Relying on Cummings, the trial court determined that potential bidders were led to believe that the bank was the foreclosing lender in this case and thus “had no way to either contact [the secured creditor] about the impending foreclosure or appear at the [secured creditor's] foreclosure sale.” Unlike in Cummings, however, the evidence demonstrates that interested bidders and parties had notice of the secured creditor's involvement, despite the advertising error. The debtor testified that he and his partner knew about the assignment before the foreclosure sale. Moreover, the assignment document recorded in Gwinnett County on May 30, 1997, informed the public that the bank had transferred the indebtedness to the secured creditor. See, e.g., Leeds Building Products v. Sears Mortgage Corp., 267 Ga. 300, 302(1), 477 S.E.2d 565 (1996) (“[I]n the absence of fraud, a deed which, on its face, complies with all statutory requirements is entitled to be recorded, and once accepted and filed with the clerk of court for record, provides constructive notice to the world of its existence.”). Although the filing occurred only four days before the sale, some notice was given.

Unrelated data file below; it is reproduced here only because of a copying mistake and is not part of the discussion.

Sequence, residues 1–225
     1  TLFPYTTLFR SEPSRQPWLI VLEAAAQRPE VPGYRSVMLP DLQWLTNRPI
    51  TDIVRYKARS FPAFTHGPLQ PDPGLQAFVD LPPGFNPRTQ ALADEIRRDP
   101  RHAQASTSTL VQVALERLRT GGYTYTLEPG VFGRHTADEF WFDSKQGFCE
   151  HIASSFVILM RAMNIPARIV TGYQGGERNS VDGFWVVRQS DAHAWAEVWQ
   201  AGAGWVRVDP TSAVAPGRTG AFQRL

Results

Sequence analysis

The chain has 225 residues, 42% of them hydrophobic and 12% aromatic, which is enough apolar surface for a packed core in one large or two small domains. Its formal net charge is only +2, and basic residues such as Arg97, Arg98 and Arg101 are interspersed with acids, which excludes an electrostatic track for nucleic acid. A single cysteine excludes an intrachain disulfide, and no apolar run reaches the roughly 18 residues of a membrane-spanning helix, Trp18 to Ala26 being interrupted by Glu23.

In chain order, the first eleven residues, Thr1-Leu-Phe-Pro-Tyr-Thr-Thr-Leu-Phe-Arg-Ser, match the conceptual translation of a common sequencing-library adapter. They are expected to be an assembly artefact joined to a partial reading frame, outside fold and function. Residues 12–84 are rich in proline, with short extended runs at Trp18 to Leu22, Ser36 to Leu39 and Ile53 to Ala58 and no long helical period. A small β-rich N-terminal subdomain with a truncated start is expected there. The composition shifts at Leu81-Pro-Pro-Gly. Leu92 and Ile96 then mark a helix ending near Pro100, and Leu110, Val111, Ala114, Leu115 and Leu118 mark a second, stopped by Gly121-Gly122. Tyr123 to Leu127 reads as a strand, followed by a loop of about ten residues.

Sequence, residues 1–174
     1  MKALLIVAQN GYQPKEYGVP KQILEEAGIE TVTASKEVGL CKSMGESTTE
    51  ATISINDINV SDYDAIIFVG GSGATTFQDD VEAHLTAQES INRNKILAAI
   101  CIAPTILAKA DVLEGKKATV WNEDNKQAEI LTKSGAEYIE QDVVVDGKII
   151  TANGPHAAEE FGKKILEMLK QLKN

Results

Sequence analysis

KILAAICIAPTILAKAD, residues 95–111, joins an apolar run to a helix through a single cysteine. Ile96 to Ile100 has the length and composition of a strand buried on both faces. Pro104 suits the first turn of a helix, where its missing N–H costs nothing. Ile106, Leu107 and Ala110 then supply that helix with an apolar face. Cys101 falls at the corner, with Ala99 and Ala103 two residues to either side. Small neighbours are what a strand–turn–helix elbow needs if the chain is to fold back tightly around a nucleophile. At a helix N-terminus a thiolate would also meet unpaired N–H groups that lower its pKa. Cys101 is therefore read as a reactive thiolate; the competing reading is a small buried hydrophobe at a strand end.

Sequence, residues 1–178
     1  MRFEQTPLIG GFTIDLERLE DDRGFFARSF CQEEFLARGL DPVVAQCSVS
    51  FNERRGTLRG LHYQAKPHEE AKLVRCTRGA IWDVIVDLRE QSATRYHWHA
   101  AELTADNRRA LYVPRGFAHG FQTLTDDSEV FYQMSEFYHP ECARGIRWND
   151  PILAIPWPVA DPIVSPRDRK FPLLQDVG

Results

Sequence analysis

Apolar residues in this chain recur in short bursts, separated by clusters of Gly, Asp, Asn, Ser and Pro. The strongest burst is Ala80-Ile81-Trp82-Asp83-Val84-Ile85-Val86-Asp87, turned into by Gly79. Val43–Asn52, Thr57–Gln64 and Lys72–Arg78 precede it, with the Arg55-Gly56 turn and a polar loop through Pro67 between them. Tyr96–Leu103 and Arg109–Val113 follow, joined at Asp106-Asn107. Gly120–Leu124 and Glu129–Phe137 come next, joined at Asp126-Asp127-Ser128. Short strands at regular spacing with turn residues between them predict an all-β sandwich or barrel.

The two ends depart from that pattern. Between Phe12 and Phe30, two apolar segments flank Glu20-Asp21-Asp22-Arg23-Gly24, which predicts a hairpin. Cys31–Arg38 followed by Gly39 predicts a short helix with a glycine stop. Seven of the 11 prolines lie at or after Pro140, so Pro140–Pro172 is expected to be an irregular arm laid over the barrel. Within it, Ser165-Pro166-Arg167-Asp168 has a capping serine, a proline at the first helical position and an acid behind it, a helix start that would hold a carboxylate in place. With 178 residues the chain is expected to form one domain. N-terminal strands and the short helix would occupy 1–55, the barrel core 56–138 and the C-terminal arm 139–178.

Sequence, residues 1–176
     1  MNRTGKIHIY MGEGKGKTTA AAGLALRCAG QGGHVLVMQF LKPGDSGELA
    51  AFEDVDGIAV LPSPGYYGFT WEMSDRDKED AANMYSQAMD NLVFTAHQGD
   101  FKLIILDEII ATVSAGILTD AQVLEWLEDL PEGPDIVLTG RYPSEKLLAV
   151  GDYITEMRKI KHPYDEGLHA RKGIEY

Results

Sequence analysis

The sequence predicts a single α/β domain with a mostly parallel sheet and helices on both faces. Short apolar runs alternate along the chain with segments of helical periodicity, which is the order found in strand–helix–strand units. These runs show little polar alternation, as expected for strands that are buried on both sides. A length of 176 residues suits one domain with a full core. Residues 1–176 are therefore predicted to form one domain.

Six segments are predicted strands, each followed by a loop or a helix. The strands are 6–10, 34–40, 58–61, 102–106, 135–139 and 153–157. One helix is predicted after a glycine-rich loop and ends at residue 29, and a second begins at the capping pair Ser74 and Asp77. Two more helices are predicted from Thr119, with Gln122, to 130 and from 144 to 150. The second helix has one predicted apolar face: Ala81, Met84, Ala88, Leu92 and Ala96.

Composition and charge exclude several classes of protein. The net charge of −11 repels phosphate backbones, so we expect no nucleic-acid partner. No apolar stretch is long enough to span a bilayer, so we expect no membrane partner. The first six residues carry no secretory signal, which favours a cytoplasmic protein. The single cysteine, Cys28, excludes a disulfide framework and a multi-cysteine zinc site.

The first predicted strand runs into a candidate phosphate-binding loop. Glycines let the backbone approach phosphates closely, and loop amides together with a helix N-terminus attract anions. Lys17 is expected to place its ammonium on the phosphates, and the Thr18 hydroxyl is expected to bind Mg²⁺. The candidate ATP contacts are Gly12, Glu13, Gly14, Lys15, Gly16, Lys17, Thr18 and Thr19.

The dispositive question is whether the secured creditor exercised the power of sale “fairly and in good faith.” Aikens v. Wagner, 231 Ga.App. 178, 180(2), 498 S.E.2d 766 (1998). The May 19 and May 30 advertisements contained inaccurate information regarding the foreclosing party. But other evidence shows that interested persons had at least constructive notice of the proper party prior to the sale. So the record does not demonstrate that, as a matter of law, the bidding was chilled or the sale was unfair; and the trial court erred in setting aside the foreclosure sale on summary judgment.